The crystal-clear Alagnak flows from its two lake sources, the Kukaklek and Nonvianuk, and runs 70 miles through a broad range of awe-inspiring Alaska landscape to spill into the Kvichak Bay. Located within Katmai National Park and Preserve, it’s these lake sources that serve as a filter and control, giving the river its spectacular clarity and controlling the volume, which makes for more consistent river conditions. Plentiful gravel beds combined with the clear water make this river ideal for spawning salmon, and for anglers as well.
For phenomenal Bristol Bay king fishing, hop aboard a powerboat and head straight for the lower sections of the river, where the water runs deep and the kings are acclimatizing to the freshwater as they enter the mouth of the Alagnak and begin their journey upstream. From below the section known as the braids down to the mouth of the river is where the best king fishing is to be had, and plenty of it. There is a mix of shallower waters and sandbars along with the deeper waters typical of Chinook.
The Alagnak River is fairly accessible to reach due to its reputation, which has resulted in a plentiful number of guides, lodges, and air-taxi services. Several commercial flight companies, such as PenAir, offer service from Anchorage to King Salmon, where a floatplane can take you to various points on the river. Many trips begin at Nonvianuk Lake; however, when on a specific mission for kings, you should choose to go directly to a more suitable location on the lower section. There’s a wide choice of guide services, lodges, and camps covering the full spectrum of services.
Open season for kings in 2004 on the Alagnak River was May 1 to July 31, and quantities were limited to three per day, three in possession, and only one over 28 inches. The king salmon limit for the season was five. Regulations state that if you plan on releasing a king, then at no time can you remove it from the water.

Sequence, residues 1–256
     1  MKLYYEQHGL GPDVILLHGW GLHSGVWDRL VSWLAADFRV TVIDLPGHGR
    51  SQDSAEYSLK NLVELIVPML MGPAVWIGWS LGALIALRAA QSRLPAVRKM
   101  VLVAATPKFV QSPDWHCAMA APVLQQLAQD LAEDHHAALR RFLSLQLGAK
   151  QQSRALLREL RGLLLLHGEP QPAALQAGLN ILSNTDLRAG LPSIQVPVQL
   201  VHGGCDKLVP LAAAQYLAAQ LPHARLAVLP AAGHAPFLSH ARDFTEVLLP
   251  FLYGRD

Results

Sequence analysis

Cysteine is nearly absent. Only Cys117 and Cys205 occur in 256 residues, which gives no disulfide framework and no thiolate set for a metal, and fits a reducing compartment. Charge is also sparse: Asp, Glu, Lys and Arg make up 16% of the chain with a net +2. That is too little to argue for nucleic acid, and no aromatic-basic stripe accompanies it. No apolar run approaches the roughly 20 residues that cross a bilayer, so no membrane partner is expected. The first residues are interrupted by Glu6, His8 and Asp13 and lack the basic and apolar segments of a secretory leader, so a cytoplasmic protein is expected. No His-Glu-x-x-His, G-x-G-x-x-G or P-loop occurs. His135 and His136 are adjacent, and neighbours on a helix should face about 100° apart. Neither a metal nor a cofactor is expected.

Fish are often intercepted by the end of June, and the run peaks in mid-July. Chinook runs sizes on the Alagnak have been indexed annually by aerial survey; the 1999 to 2003 average count was 4,366 and the 2004 count was 6,755 fish.
As one of the only road-accessible king fisheries in Bristol Bay, the Naknek River provides a unique combination for a Bristol Bay destination, joining phenomenal fishing with ease of accessibility. Three hundred miles southwest of Anchorage, the Naknek River is easily reached by taking a PenAir or other commercial flight from Anchorage to King Salmon. Each summer the community of King Salmon experiences a flood of arrivals that turn this sleepy town into a teeming fishtropolis.
Ironically, the Naknek River is less crowded than some of its neighboring rivers, which boast higher run numbers, when in fact the Naknek has a lot to offer. According to Jason Dye, Area Management biologist with the Alaska Department of Fish and Game, the Naknek has recently experienced consistently large volumes compared to historical runs. Best estimates are that king salmon runs are somewhere near 5,000 per year.